The Ripken Foundation teamed up with Devon Energy, Flogistix, and Marathon Oil to install our first STEM center in North Dakota at Lincoln Elementary. Lincoln Elementary Principal, Tammy Peterson, and Dickinson Public School Superintendent, Marcus Lewton, joined the Foundation in a ribbon cutting on the first day of school.
The principal at Lincoln Elementary, Tammy Peterson, said that the school had been struggling to integrate a STEM curriculum in the right way, but had been trying to incorporate STEM activities where they could. “This is a great opportunity where we have the tools now so it can become part of our daily teaching with so many opportunities for students. This is their future, and we want to make sure that they’re career ready,” said Peterson.
The center has been equipped with a 3D printer, Snap Circuits, Bee-Bots and Ozobots. These tools will allow the students to advance their critical thinking and problem-solving skills all while having fun.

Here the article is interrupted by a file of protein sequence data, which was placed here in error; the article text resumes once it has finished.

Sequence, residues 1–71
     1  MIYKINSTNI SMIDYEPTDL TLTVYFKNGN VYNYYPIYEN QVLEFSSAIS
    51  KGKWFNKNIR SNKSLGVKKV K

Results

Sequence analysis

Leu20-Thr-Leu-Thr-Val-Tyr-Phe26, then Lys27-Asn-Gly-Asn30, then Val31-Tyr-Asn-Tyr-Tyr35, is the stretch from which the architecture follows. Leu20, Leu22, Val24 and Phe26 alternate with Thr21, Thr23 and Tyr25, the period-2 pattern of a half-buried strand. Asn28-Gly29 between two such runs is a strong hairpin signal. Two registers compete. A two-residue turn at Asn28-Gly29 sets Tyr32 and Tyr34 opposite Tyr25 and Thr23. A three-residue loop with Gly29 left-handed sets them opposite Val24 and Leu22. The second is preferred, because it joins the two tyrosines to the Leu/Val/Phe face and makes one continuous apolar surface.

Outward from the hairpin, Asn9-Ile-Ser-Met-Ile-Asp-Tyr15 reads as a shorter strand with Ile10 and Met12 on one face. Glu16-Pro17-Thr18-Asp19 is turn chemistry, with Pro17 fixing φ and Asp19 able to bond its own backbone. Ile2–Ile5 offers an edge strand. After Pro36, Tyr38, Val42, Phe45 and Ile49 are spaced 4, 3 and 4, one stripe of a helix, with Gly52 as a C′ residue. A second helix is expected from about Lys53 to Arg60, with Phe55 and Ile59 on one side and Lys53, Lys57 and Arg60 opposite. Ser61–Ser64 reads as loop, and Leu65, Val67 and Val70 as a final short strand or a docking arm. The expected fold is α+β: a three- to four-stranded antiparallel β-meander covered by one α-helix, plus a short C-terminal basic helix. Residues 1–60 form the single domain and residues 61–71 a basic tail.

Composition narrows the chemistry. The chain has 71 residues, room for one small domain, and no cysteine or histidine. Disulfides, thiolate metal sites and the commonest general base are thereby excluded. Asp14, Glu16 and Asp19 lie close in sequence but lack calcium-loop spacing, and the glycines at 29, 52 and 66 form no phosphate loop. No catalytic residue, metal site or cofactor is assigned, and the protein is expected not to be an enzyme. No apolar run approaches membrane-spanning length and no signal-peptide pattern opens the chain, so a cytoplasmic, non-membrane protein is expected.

Ripken Foundation STEM Director, Tim Bancells, gave a great example of students using their newly found critical skills to solve a real-world problem for a fellow classmate with a disability. “He did not have a hand. So, they 3D printed a hand. And their challenge was that they had to make it good enough so he could hold a glass of water. They were actually able to connect it, and he was able to pick up and move the glass,” Bancells said. “It was elementary school kids thinking of that and I’m like wow, that’s way more than I could think of.”
The tools in the STEM center are not only useful in teaching science, technology, engineering, and math, but can actually be utilized by anyone. Marissa Riesinger, the school's Library Media Specialist, said that she plans to use them in her own classroom. “We’re tying in a lot of literature and informational texts, using that as purposeful and intentional play within the STEM lab. The possibilities are endless,” Reisinger said.
For more information about the Ripken Foundation STEM Centers, click here.